M2 bop - 2012-2013
Encadrement :
Dr. Betty BENREY, Laboratoire d’entomologie évolutive, Université de Neuchâtel, Institut de Biologie, Rue
Emile-Argand 11, CH-2009 Neuchâtel, Suisse.
Project Supervisor: J. Gwen SHLICHTA, Post-doctoral Researcher, 041 32 718 31 64,
Titre du stage :
The effect of cyanogenic glycosides on the oviposition (egg-laying) behavior of the bean beetle, Zabrotes
, and its larval parasitoid, Stenocorse bruchivora.
Mots clés :
Tri-trophic, insect ecology, parasitism, chemical ecology, ovipositon, allelochemicals, herbivory, plant Résumé:
Background :
Secondary plant metabolites can have significant effects on the organisms that feed on plants. It is
generally accepted that many of the plant-produced secondary compounds have, at least in part, a defensive
function. As a result, the success of an insect herbivore’s offspring is highly influenced by the host plant
chosen for oviposition by the adult insect. Not only can these plant chemicals significantly affect the
oviposition behavior and development of herbivores, they can also influence their natural enemies (Turlings
and Benrey 1998).
The lima bean plant, Phaseolus lunatus, contains cyanogenic glycosides in both the leaves and the seeds.
These compounds have been shown to be toxic to leaf herbivores (Balhorn et al. 2005), and to influence their
oviposition behavior (Ballhorn et al. 2006). However, very little is known on the effect of these compounds on
seed herbivores, and even less is known on their effect on the parasitoids that attack these seed herbivores.

Objectifs :
1. Determine the oviposition preference of bruchid beetles on beans that differ in the amount of cyanogenic
2. Determine the oviposition preference of parasitoids on bruchids raised on beans that differ in the amount of
cyanogenic glycosides.
3. Determine the performance of parasitoids reared on bruchid beetles feeding on beans that differ in the
amount of cyanogenic glycosides.
Méthodes :
For these experiments we will use artificial seeds and seeds of Lima bean previously collected in the field in
Mexico. We will use a combination of behavioral, chemical, and ecological analyses. Oviposition preference
experiments will include setting up mating pairs of beetles in cups with beans and measuring egg number,
development time, mass, survival, and sex ratios. Parasitoid wasp oviposition experiments will involve
allowing parasitoids to parasitize beetles and measuring development time, mass, sex ratios, and adult
longevity. Cyanogenic glucosides in the beans will be analyzed using an extraction and separation technique,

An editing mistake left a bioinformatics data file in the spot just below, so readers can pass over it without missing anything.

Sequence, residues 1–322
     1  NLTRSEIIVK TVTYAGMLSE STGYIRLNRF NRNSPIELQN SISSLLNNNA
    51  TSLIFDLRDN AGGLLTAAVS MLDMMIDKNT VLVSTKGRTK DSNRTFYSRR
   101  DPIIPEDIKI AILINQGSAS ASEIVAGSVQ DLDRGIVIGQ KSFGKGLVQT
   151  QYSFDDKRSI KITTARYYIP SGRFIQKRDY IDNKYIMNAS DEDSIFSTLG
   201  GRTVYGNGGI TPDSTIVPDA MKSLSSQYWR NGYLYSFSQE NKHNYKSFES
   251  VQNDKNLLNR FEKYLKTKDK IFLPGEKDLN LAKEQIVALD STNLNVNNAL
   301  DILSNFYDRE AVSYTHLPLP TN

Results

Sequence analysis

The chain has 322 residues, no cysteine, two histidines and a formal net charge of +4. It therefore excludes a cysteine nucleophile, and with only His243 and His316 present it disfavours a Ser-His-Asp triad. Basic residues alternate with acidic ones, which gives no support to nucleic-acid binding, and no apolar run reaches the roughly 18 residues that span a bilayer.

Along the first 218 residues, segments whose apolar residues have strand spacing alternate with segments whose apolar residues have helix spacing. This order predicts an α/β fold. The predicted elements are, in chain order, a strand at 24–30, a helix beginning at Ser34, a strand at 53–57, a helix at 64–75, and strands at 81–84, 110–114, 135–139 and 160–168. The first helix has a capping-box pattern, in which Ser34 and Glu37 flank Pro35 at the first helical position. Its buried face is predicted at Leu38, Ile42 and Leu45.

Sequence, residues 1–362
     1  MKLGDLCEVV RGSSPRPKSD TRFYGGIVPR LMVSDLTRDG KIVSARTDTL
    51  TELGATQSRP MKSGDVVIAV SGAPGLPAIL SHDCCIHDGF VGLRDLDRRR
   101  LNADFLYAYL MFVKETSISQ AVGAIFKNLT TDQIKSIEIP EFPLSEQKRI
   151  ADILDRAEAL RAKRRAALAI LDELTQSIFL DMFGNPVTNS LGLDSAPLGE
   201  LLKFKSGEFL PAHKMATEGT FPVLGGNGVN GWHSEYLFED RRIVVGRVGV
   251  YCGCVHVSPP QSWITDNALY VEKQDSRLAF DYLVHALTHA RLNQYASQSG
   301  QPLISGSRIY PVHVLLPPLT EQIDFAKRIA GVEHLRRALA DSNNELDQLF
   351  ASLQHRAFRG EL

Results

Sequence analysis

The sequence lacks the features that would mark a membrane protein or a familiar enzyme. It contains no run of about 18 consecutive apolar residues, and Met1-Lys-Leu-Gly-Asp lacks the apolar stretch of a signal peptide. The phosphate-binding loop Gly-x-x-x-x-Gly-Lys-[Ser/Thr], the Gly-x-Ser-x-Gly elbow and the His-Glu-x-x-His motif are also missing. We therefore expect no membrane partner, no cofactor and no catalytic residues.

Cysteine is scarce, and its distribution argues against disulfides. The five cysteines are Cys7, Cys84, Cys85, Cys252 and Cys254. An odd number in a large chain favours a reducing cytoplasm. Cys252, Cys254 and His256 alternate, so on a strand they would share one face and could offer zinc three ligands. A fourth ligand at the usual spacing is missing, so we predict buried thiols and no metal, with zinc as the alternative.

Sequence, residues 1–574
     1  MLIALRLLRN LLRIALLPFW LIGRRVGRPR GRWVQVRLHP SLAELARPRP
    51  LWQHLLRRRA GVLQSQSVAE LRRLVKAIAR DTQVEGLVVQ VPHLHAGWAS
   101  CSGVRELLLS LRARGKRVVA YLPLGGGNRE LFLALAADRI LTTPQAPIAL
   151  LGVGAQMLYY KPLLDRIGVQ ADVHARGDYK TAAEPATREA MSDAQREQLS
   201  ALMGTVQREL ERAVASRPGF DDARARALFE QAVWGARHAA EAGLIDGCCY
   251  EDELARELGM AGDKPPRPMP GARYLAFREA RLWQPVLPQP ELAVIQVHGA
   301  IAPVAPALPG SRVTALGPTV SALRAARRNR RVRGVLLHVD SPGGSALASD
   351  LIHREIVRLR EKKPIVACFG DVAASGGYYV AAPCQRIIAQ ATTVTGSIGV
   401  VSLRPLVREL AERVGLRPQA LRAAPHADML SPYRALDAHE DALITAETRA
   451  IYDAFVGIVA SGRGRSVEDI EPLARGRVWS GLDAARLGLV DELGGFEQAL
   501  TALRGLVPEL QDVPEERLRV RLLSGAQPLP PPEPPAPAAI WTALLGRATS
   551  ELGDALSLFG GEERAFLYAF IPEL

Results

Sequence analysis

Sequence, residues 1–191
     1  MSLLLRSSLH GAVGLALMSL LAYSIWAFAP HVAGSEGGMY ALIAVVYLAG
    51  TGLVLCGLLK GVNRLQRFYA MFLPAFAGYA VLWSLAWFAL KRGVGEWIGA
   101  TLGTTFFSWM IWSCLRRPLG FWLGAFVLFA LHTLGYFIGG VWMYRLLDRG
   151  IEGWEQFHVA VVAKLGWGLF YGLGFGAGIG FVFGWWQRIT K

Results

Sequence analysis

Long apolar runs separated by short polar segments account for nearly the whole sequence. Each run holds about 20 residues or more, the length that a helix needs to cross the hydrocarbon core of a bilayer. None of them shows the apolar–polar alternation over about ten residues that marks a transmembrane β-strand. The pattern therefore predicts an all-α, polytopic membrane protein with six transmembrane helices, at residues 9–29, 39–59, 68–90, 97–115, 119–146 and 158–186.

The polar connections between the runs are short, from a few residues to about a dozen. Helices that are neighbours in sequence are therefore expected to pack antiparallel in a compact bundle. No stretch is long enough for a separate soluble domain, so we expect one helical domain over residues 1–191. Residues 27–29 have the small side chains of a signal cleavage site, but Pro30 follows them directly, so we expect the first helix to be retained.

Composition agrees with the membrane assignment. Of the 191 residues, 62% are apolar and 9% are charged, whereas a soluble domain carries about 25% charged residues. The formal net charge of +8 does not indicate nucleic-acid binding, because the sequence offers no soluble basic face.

liquid chromotography, and mass spectroscopy.
Deux références bibliographiques:
Balhorn, D.J. and R. Lieberei (2006). Oviposition choice of Mexican bean beetle(Epilachna varivestis)
depends on host plant cyanogenic capacity. Journal of Chemical Ecology 32: 1861-1865.
Balhorn, D.J., R. Lieberei and J.U. Ganzhorn (2005). Plant cyanogenesis of Phaseolus lunatus and its
relevance for herbivore plant interaction: the importance of quantitative data. Journal of Ecology 31:1445-
1473. Turlings, T.C.J. and B. Benrey (1998). Effects of plant metabolites on the behaviour and development of parasitic wasps. Ecoscience, 5(3), 321-333. Techniques mises en œuvre :
Insect behavior: ovipostion preference of beetles and their paraistoids
Insect ecology: performance experiments
Chemical ecology: liquid chromotography, mass spectroscopy
Compétences particulières exigées :
• An interest in research involving plant-insect and tri-trophic interactions. • Strong organization skills and ability to follow detailed directions. • Neuchâtel is located in French-speaking Switzerland, however the lab includes a diverse array of researchers from different countries. The common language for communication is English, therefore we expect the applicant to be able to understand and communicate in English proficiently. A retourner à Loic Bollache ( avant le 25 juin.


Microsoft word - 5-aci1015-10-full _41-47_

ACI: VOL. 1(4), pp. 41-47 (2010) Lhez y otros  ESTUDIO EX VIVO DE LA LIBERACIÓN TRANSDÉRMICA DE ENALAPRIL EX VIVO STUDY OF ENALAPRIL TRANSDERMAL RELEASE Lucía Lhez, Nora B. Pappano y Nora B. Debattista Universidad Nacional de San Luis, Facultad de Química, Bioquímica y Farmacia, Recibido: 07/07/2010 - Evaluado: 07/08/2010 - Aceptado: 02/09/2010 En el presente trabajo se estudi

Microsoft word - depression&emotionaldistressbibliography.doc

Depression and Emotional Distress Reading List W ellness/healing/natural health Baumel, Syd, Dealing with Depression Naturally, 1995. Bloomfield, Harold & Peter McWilliams, How to Heal Depression, 1994.’ Borysenko, Joan, Minding the Body, Mending the Mind 1987, and other books Breggin, Peter R., M.D., Talking Back to Prozac,1994. Beyond Conflict, 1992. Chopra, Deepak, Quantum Healing

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